Northern Tier nursing students take part in mock disaster

A number of students from the Licensed Practical Nursing Program at Penn College at Wellsboro participated in a drill at the Middlebury Township Dairy Farmers of America milk plant on Sept. 30, simulating a hazardous-material spill with multiple casualties.

Licensed practical nursing students from Penn College at Wellsboro served as “patients” for a Sept. 30 emergency drill in Tioga County.

Before participating, the students had to undergo online training in chemical, biological, environmental, radiological and natural disasters. They also participated in seminars that examined various types of disasters, the National Incident Management System and triage.

In addition to playing the role of victims during the drill, students participated in a safety briefing and post-incident debriefing. They were also given the opportunity to provide feedback from their perspective as victims.

Students interacted with fire and emergency medical services personnel from several county departments, including the Middlebury, Crooked Creek, Tioga and Wellsboro volunteer fire departments; the Wellsboro Ambulance Association; and Soldiers and Sailors Memorial Hospital Advanced Life Support.

“Getting to participate was a great opportunity for the students,” said Alex W. Borzok, instructional specialist for practical nursing at the Wellsboro campus. “To be able to not only be a patient, but to get the opportunity to see the evolution of an on-scene response – and experiencing what patients go through before they arrive at a hospital – is an important part of being able to effectively care for your patient.”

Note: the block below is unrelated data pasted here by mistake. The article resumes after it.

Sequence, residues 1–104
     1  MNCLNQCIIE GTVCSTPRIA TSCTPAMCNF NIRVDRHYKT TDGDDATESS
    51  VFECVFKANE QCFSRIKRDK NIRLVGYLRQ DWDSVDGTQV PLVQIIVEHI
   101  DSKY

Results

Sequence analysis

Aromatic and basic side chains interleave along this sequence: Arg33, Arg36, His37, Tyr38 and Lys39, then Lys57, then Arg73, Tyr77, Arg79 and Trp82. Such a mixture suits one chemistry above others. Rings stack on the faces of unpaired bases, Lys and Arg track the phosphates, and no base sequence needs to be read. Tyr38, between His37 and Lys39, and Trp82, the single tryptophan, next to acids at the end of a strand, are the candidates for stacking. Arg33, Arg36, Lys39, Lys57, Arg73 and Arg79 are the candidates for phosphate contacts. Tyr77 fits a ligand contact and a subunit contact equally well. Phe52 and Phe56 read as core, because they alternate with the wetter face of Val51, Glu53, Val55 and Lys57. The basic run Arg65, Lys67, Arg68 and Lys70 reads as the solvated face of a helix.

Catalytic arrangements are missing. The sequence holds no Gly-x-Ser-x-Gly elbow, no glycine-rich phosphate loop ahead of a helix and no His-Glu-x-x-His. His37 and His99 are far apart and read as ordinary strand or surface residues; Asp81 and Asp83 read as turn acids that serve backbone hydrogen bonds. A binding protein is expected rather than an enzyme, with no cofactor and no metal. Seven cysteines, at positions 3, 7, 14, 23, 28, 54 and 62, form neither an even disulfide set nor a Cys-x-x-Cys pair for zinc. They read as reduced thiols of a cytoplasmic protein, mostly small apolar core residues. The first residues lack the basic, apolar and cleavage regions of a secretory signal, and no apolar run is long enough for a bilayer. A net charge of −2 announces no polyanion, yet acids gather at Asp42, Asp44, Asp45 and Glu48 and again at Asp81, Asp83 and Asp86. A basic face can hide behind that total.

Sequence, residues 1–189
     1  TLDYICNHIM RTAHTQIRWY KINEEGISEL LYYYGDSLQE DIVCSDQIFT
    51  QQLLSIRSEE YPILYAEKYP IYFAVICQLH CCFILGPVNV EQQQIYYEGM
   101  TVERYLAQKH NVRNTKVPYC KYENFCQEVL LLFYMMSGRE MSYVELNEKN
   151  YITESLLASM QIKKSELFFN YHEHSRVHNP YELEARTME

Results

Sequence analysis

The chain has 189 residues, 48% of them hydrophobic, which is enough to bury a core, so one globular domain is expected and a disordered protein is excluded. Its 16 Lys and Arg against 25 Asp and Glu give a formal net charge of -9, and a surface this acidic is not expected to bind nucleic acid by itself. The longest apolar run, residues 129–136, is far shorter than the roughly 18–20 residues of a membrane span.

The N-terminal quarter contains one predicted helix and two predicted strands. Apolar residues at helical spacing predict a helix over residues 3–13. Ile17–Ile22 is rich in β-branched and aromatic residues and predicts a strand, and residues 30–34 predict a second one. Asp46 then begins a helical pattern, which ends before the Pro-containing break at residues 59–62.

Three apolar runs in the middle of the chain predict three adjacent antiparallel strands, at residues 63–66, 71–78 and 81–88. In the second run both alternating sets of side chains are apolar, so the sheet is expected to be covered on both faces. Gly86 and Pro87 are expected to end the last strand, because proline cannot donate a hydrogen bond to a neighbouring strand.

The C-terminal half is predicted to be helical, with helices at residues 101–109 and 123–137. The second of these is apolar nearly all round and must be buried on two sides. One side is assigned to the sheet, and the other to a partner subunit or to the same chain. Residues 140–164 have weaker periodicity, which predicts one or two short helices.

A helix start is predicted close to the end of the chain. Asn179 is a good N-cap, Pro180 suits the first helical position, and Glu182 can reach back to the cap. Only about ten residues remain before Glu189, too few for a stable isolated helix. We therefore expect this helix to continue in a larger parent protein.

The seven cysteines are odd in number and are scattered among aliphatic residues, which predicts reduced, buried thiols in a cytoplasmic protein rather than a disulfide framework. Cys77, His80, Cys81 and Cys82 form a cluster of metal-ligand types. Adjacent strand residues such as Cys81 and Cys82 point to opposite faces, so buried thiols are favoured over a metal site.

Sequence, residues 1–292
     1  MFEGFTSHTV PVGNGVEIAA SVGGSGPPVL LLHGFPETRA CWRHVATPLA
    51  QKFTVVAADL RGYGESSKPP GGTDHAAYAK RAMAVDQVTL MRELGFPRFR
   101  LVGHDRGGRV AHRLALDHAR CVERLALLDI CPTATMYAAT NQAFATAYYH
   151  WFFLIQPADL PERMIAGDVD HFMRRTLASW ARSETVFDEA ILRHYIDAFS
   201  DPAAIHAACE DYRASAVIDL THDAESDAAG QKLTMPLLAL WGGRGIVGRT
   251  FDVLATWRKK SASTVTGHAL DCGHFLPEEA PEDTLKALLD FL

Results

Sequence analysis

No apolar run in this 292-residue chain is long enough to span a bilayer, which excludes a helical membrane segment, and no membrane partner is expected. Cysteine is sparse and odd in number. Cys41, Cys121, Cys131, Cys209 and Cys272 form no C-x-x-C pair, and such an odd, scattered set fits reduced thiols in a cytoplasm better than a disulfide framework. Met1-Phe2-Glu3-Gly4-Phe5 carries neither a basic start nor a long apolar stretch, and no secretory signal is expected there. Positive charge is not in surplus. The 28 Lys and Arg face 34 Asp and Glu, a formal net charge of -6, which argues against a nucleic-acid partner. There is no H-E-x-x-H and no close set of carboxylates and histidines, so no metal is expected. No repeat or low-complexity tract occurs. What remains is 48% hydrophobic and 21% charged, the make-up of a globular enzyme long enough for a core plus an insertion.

Taking part in the mock disaster (from left) are LPN students Brittany A. Rutledge, of Pleasant Mount; Taylor L. Phillips, of Trout Run; Katherine M. Sammons, of Westfield; Joseph P. Hetrick, of Wellsboro; Kimberly A. Crawford, of Brockway; Allyssa Boyd, of Wellsboro; and Marissa A. Harer, of Liberty; as well as Alex W. Borzok, instructional specialist for practical nursing at Penn College at Wellsboro.

The opportunity to learn another aspect of the health care continuum is only part of the lesson, he added.

“Being a participant in a drill like this is not only important to make those connections from theory into practice,” Borzok explained. “It is also important to learn that, as nursing professionals, we have a civic responsibility to not just live, work and care for people in our communities, but we also must give back to them.”

Those interested in the LPN program or other offerings through Penn College at Wellsboro may call 570-724-7703 between 8:30 a.m. and 4:30 p.m. Monday through Friday.

For more about Pennsylvania College of Technology, a national leader in applied technology education and workforce development, email the Admissions Office or call toll-free 800-367-9222.

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Comments – One Comment

As an instructor in Penn College’s Bachelor of Emergency Management degree program (teaching Crisis Communications), I would highly recommend this class to all undergraduate nursing students. Several have taken the class and have reported using skills learned there in their professional careers. Check it out!

Posted by Roseann Cordelli at October 18, 2018 at 1:45 pm

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